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Making the Grade: Jonny Tully



With work including adidas, Beats, Levi's and Nike, Tag's Johnny chats the influence of cinema and the importance of being immersed in art, film and photography

Making the Grade: Jonny Tully

Over the past nine years, Jonny has developed his skills and understanding of the craft of colour grading. This has allowed him to work with high-profile brands including adidas, Beats, Levi's, Nike, Range Rover and Toyota. His portfolio also boasts a number of music videos for which his grading has won awards at Kinsale and Thunderdance.

He graded his first feature film 'The Last Tree' in 2019 which was selected to play at Sundance and received great reviews.

What was your first experience with the world of colour grading – and when did you decide that being a colourist was a role that you wanted to pursue?

I originally wanted to be an editor and went to University to pursue that. During the course I came across grading which I’d never seen with moving images before. At the time it was a bit of a dark art and nowhere near as accessible as it is now. I found it fascinating and spent as much time as I could learning more about it and grading the other student’s films. It was all HDV cameras and Adobe Premiere at the time. I didn't know what I was doing but we had a lot of fun.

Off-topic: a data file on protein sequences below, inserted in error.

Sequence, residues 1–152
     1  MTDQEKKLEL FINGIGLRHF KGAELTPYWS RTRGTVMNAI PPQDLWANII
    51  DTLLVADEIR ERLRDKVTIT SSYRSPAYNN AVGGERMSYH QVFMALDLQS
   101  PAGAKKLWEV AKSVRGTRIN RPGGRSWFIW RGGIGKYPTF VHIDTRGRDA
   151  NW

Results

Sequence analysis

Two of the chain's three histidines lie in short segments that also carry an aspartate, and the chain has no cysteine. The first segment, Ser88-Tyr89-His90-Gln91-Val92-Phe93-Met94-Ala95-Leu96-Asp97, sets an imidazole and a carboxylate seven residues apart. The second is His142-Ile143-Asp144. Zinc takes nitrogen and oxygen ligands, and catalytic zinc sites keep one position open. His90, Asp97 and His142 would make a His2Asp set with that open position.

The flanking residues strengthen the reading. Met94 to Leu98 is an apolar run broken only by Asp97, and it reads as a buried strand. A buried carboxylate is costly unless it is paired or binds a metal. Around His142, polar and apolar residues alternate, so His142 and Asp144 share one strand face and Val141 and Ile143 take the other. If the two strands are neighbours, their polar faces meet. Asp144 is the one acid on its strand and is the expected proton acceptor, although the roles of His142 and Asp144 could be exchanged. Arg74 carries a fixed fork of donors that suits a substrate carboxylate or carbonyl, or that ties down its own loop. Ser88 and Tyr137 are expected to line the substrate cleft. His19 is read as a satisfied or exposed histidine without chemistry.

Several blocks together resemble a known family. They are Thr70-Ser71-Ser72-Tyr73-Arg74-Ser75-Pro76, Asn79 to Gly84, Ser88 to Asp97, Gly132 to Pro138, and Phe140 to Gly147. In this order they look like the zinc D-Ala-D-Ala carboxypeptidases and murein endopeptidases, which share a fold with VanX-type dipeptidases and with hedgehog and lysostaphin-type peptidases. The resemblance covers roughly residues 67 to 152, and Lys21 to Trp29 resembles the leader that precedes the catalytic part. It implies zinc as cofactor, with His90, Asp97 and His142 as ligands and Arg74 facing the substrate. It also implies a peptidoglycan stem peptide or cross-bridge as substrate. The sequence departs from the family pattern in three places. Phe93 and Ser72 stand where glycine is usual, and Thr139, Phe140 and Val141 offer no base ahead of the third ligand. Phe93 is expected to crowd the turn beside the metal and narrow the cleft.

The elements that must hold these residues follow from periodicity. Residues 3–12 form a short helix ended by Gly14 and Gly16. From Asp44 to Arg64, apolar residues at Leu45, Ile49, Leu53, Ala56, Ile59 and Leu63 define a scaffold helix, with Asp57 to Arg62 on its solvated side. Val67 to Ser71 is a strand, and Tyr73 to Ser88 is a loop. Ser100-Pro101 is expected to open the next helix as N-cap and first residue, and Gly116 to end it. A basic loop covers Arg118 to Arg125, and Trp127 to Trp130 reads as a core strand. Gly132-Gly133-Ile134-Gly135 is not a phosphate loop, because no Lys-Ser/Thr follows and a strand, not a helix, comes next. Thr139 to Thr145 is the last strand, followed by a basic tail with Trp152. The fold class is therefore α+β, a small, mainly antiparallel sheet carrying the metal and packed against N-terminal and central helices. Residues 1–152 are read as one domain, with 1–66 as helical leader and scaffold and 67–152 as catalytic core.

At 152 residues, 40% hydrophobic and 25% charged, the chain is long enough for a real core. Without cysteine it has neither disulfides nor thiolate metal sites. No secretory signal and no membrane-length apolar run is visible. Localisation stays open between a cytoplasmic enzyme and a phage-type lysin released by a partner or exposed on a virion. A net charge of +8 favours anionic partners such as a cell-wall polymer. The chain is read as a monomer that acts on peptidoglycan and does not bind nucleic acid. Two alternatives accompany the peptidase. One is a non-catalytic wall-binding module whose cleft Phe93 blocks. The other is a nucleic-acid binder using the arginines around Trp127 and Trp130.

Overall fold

What was the project that you felt really changed your career?

Slowthai - Inglorious really stands out for me. I’d worked with Crowns & Owls on quite a few projects before and that was the first time working with Cinematographer David Wright. He spent a lot of time testing lenses and ideas and we were able to discuss the project before the shoot which really helped. They were shooting digitally and printing to film. It was my first time working with that process and we were all absolutely delighted with the result. The film won an award for best Cinematography and Grade and I’ve worked with David a lot since then so will always look back at that one with good memories.

How/where did you hone your craft and did you have any particular mentors?

I was really lucky to get a job in the machine room at Smoke & Mirrors. I did that for four years before becoming Colour Assist. During that time I always had access to the suites and graded as many promos and short films as I could. Mark Horrobin was my mentor and still is to this day. He’s an incredible Colourist and always made time to train me and review my grades. I’ll always be grateful for that.

Tell us more about your creative process - (e.g.when you get a project, how do you go about developing a look?)

Once we’ve discussed the brief and any references I’ll pick out a few key shots that tell the story. Then I can start building looks across those to see what works best for the film. You might have an idea that looks great but if it’s distracting from the narrative or just doesn't fit the project then it’s time to reassess the brief. For me grading is very much a collaborative process and the best grades enhance the work that everyone has put into the project.

From experience, we’ve found that colourists often love art and photography - when you’re out of the studio, what inspires you?

Cinema has always been a big inspiration for me both inside and outside the suite. During lockdown I’ve gotten much more into photography which has given me a better understanding of light, lenses and film stocks. This has definitely made me a better Colourist.